Doctor of Philosophy (PhD)


Geology and Geophysics

Document Type



To elucidate how Holocene climatic and environmental conditions have changed in the eastern North Atlantic region, a sedimentological and palynological investigation has been carried out on sediment cores retrieved from Okak Harbor, Labrador, Canada. Okak is located along the Labrador coast, adjacent to the Labrador Sea, and contains both prehistoric and historic human settlement sites. The site is located proximal to the latitudinal tree limit, making the local conifer population vulnerable to even relatively small perturbations in climate. For these reasons, Okak is a desirable site to investigate Holocene paleoenvironmental change in the North Atlantic region. Results from this study illustrate that environmental conditions in the Okak region have undergone several changes in response to climate fluctuations through the late Holocene. Shrub-tundra conditions persisted in the early-mid Holocene, giving way to increasing conifer abundance as the tree limit migrated northward. Concurrent changes in magnetic susceptibility, grain size, and relative vegetation distribution suggest shifting climatic conditions ca.4200 cal BP, which roughly corresponds to the transition from the warm Holocene Thermal Maximum to the cooler Neoglacial conditions previously established for the Labrador area. Comparison of the Okak Harbor data set to GISP2 temperature, accumulation, and ion datasets aids in interpreting local environmental changes in the broader scheme of North Atlantic climate. While correlations can be made between the Okak and GISP2 records through the late Holocene, Okak sediments do not appear to reflect an expression of the 8200 year climatic event, which has been well documented across the North Atlantic region. Though it is difficult to decouple the paleoenvironmental signature of climate change and prehistoric human activities in the sedimentary record, high sedimentation rates and decreasing conifer abundance in the latest Holocene, in addition to ethnographic and archaeological records, suggest the intensive occupation of the Moravian mission site by both European and Labrador Inuit populations may have impacted the local environment.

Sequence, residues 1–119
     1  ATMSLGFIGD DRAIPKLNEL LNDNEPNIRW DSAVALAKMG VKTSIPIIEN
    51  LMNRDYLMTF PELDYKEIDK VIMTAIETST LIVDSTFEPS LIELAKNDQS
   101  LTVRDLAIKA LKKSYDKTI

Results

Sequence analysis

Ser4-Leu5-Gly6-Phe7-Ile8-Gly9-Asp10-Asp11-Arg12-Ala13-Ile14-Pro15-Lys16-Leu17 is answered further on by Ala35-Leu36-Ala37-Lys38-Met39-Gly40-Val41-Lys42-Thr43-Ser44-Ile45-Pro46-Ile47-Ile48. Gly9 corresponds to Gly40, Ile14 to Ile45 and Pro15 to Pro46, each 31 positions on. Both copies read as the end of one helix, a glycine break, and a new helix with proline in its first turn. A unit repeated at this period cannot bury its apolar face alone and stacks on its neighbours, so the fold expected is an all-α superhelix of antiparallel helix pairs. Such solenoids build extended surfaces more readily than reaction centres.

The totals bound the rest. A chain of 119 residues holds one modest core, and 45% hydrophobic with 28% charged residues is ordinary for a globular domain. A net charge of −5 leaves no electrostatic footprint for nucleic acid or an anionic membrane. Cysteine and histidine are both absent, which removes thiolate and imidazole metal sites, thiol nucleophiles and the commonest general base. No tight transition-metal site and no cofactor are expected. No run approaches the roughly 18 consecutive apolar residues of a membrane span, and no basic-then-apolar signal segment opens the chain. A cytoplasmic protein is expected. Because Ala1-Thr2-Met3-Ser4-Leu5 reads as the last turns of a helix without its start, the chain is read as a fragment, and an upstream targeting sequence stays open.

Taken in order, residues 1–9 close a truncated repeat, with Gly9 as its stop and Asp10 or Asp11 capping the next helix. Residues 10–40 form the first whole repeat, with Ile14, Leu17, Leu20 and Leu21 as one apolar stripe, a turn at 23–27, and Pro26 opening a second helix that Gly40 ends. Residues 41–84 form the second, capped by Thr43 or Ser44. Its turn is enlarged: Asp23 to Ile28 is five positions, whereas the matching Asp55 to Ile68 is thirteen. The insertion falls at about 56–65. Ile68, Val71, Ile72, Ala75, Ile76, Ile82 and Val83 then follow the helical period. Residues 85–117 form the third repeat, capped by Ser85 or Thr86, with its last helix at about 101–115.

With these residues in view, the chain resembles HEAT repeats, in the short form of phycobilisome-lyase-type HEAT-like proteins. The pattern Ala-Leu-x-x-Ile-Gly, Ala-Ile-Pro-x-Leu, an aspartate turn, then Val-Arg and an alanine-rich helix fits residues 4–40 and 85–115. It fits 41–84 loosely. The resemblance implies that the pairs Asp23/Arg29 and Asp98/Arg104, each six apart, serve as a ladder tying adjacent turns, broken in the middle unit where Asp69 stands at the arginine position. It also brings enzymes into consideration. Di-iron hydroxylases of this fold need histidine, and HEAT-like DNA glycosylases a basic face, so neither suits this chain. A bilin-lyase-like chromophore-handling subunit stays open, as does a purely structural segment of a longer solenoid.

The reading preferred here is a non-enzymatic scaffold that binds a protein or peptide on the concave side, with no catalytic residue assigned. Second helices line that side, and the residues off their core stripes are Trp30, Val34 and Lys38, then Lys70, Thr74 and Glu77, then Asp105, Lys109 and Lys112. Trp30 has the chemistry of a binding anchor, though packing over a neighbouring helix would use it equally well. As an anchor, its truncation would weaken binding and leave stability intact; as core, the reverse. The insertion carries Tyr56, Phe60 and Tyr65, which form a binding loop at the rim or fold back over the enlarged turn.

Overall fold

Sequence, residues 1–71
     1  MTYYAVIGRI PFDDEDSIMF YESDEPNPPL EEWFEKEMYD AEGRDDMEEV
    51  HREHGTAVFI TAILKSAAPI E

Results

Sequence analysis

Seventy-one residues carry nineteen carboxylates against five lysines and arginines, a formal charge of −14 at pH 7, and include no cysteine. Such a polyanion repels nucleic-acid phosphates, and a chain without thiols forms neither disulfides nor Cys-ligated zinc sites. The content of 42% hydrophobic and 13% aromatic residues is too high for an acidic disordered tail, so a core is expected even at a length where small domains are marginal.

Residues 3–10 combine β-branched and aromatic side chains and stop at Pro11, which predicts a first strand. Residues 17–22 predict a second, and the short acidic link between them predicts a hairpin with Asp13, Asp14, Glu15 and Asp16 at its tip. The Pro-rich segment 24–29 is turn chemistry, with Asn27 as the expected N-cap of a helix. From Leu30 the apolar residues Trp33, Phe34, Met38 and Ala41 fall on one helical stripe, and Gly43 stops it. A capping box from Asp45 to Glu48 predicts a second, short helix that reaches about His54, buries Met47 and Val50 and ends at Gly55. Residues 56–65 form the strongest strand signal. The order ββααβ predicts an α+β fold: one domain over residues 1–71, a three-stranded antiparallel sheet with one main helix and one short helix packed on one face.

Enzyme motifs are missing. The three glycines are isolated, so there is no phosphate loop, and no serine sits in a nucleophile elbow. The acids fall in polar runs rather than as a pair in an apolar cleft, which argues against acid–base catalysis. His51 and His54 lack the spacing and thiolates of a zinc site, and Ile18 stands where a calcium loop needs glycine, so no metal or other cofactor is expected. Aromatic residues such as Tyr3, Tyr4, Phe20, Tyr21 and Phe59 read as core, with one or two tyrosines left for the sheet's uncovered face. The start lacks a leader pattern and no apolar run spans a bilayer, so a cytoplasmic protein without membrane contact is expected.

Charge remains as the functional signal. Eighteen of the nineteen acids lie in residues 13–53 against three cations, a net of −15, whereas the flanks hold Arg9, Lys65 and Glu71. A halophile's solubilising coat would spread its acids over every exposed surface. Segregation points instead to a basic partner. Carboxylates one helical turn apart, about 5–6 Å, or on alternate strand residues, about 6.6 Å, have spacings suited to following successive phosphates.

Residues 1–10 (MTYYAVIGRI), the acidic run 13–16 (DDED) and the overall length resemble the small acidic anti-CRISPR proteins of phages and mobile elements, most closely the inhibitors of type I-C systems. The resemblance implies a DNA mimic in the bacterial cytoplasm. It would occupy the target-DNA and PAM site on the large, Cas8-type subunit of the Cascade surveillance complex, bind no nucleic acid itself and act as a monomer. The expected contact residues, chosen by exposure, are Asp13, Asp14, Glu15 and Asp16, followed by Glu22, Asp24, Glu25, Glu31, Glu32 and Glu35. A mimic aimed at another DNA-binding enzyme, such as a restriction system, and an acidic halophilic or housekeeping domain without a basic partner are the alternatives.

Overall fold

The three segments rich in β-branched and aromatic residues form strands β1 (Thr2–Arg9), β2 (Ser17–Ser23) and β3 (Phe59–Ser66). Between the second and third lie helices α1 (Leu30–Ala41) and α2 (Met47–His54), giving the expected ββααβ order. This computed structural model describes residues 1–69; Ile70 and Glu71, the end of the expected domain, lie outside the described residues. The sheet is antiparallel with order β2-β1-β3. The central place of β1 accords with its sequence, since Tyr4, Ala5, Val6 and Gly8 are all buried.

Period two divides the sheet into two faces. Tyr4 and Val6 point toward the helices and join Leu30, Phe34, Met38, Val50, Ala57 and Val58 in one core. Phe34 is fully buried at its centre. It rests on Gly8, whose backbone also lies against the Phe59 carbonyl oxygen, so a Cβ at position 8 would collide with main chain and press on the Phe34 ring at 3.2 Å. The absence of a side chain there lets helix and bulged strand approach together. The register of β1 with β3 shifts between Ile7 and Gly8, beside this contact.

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Committee Chair

Bentley, Samuel



Available for download on Sunday, September 01, 2030